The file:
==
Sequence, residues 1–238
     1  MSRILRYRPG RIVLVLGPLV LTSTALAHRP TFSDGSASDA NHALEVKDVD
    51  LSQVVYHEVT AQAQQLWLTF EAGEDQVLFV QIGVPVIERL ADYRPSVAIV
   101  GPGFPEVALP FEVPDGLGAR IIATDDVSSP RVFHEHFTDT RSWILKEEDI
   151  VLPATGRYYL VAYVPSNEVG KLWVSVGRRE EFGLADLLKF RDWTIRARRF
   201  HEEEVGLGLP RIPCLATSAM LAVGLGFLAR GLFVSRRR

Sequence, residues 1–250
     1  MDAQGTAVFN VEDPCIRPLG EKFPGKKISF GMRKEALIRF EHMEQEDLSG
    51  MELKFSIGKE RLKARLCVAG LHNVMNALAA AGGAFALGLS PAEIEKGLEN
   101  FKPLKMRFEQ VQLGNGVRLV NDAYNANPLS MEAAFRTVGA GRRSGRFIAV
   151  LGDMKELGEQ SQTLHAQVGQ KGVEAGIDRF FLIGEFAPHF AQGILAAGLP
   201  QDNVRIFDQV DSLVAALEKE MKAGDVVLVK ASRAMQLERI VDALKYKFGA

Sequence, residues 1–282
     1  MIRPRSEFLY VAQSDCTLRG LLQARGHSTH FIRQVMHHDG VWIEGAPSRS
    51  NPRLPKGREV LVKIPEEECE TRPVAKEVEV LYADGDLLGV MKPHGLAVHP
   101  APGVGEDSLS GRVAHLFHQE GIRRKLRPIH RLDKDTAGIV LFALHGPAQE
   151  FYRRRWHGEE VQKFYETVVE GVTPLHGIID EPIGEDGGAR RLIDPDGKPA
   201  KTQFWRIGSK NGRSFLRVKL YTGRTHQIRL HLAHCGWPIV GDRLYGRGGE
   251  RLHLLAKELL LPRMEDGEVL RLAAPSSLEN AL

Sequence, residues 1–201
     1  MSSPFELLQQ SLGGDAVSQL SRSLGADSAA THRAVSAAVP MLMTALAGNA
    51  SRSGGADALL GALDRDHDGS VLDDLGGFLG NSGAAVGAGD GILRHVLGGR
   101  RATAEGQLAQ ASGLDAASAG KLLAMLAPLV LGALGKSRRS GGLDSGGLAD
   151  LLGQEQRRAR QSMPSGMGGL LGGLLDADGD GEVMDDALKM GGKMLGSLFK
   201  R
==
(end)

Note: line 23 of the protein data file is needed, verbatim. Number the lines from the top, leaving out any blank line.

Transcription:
   101  RATAEGQLAQ ASGLDAASAG KLLAMLAPLV LGALGKSRRS GGLDSGGLAD